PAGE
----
But Ferrini did not remain inactive. His conversations with local customers, with workers in the sawmill and warehouses of the Building Center, where he purchased materials for picture frames, his many talks with his friend, writer and historian Joe Garland, who, like Ferrini, had also been a union organizer, and his encounters with the realities of life in a blue collar city reported daily in the pages of the Gloucester Times—fluctuations in the fishing stocks, the depredations of Urban Renewal, which his friend Charles Olson called “renewal by destruction,” the encroachment of development that would threaten the fishing industry or undermine the historic character of Gloucester—spurred Ferrini to a new activism, an activism that was reflected in his poetry, in which the personal and the social reached a new and dramatic synthesis.
And there was the war in
The black man has no premium
On color and enslavement
Neither has the yellow man, nor the white
Nor the brown skinned
Carries a civil war within him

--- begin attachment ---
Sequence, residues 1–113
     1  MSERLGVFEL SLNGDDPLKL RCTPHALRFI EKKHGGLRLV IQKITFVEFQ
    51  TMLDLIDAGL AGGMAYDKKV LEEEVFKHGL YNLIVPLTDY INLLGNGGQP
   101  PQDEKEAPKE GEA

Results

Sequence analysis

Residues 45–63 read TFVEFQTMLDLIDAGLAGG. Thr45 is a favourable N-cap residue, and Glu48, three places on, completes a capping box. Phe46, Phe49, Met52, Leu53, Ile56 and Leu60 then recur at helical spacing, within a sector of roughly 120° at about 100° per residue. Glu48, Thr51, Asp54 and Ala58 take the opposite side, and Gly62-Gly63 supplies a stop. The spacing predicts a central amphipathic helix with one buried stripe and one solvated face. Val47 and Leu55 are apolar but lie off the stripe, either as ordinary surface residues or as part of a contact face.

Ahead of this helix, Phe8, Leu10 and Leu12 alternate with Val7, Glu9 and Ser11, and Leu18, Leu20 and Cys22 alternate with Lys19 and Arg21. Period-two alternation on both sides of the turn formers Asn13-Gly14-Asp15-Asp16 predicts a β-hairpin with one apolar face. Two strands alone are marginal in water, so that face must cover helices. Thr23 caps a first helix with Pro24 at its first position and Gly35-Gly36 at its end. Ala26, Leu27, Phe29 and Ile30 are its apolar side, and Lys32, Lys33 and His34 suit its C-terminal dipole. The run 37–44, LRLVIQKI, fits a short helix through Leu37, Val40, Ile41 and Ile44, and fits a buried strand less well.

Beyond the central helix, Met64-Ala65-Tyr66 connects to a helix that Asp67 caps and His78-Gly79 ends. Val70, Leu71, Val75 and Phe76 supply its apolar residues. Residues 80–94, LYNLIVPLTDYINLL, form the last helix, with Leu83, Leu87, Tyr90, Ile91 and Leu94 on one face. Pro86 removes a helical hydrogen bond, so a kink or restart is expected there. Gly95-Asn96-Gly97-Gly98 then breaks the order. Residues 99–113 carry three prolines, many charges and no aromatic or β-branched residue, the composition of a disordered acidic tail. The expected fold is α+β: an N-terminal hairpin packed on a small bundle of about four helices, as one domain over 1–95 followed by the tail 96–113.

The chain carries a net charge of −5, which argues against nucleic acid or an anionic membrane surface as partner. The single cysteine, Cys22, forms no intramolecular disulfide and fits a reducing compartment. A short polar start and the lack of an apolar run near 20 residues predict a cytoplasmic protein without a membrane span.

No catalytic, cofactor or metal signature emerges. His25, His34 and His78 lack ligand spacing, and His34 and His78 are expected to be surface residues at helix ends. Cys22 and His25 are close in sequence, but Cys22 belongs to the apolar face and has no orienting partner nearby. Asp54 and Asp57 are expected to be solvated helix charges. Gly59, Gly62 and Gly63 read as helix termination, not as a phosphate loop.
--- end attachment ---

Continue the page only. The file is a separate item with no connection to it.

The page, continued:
and “Lenin Speaks,” first published in the Guardian and reprinted in anti-war newspapers, in which one could hear again the fiery voice of the young radical, as Ferrini scored the Cold War bureaucracies of East and West for impeding freedom of thought and action:
Smash this Frankenstein Mausoleum
let breath in my frozen corpse
for the Winds to free!
we were the first to step off
and walk upon the OZONE!
who think the REVOLUTION
what surprises they are in for
Vincent understood from his personal experiences during the Cold War and the McCarthy period, that in shrinking from our revolutionary origins in
To many living here in the late 1950s and throughout the 1960s,
Vincent’s rich life was not without sorrow. He never recovered from the death by leukemia of his younger daughter Deirdre, just as the loss of his baby sister Yolanda, when a stove exploded in the family’s Lynn tenement kitchen, continued to haunt him, though in later years he found solace in his grandchildren Ben and Carrie by son Owen, just as his daughter Sheila’s career in the theater was a source of great pride.